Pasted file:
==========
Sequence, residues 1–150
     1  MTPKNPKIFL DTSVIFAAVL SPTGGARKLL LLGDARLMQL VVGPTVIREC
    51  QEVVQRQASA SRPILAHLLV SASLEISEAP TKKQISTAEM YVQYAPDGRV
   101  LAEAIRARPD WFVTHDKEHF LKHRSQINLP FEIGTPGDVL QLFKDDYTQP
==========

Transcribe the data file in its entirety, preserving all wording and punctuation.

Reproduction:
Sequence, residues 1–150
     1  MTPKNPKIFL DTSVIFAAVL SPTGGARKLL LLGDARLMQL VVGPTVIREC
    51  QEVVQRQASA SRPILAHLLV SASLEISEAP TKKQISTAEM YVQYAPDGRV
   101  LAEAIRARPD WFVTHDKEHF LKHRSQINLP FEIGTPGDVL QLFKDDYTQP